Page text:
The Corporations Act and Buzzle make it clear that in order to be a shadow director, there must be more than the mere potential to control. The Act stipulates that someone is a shadow director when the directors ‘are accustomed to act in accordance with the person’s instructions’. There are two aspects to this definition: the person must issue instructions and the directors must be ‘accustomed’ to act in accordance with those instructions. To meet this definition of shadow director, a person must actively issue instructions to directors. This interpretation is supported by Buzzle. Young JA stated ‘the evidence must show "something more" than just being in a position of control...The whole of the facts of the case must be shown to see whether that power to control was put into practice.’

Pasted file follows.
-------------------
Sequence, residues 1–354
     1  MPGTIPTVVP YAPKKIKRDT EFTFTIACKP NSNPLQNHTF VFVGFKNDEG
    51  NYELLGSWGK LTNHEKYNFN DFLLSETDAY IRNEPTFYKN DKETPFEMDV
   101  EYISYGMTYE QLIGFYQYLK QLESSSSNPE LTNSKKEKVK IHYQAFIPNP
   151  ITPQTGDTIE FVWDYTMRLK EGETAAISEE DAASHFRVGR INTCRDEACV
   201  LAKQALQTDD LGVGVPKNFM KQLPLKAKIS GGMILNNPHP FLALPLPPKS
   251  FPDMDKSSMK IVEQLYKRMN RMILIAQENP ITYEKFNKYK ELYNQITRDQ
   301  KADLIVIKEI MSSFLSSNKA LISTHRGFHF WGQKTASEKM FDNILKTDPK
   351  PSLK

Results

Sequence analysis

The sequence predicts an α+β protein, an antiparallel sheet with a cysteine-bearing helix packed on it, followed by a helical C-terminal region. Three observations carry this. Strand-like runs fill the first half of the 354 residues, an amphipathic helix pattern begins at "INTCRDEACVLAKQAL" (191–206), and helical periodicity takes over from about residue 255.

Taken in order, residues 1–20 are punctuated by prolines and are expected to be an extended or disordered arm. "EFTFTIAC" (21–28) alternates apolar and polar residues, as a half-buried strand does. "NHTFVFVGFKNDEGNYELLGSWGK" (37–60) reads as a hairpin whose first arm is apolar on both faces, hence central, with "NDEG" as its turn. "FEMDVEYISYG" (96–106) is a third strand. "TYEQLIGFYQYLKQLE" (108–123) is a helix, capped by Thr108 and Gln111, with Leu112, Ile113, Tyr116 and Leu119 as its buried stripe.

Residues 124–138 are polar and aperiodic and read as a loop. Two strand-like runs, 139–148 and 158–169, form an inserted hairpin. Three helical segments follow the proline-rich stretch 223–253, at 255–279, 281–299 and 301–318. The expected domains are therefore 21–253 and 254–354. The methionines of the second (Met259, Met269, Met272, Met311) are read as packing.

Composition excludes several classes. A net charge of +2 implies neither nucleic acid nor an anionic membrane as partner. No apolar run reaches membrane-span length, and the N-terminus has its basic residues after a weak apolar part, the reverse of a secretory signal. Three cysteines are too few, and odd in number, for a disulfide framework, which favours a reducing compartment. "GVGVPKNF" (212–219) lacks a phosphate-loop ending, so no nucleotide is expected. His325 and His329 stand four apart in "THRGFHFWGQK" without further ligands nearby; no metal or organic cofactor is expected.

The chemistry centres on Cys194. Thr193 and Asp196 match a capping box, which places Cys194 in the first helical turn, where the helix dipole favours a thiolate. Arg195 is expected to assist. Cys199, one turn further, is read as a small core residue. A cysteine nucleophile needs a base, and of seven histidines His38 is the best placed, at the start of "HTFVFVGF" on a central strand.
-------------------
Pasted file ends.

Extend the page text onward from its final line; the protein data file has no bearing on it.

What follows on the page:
Young JA also makes it clear in his first principle in Buzzle that giving advice will not by itself suffice to make someone a shadow director. He further expanded on this and stated a person may not necessarily be a shadow director even if that advice is generally followed by the board. Young JA provides an example where a party may give advice and generally have it followed without that party being deemed a shadow director. He uses the example of a mortgagor and a mortgagee. A company may act in accordance with the banks instructions, perhaps regularly, without the bank being deemed a shadow director.

The Corporations Act states that in order to be a director you must be an individual. This means that a company cannot be the director of another company. Yet, case law has held that it is possible for a company to be a shadow director of another company. This suggests that companies can be shadow directors but not directors.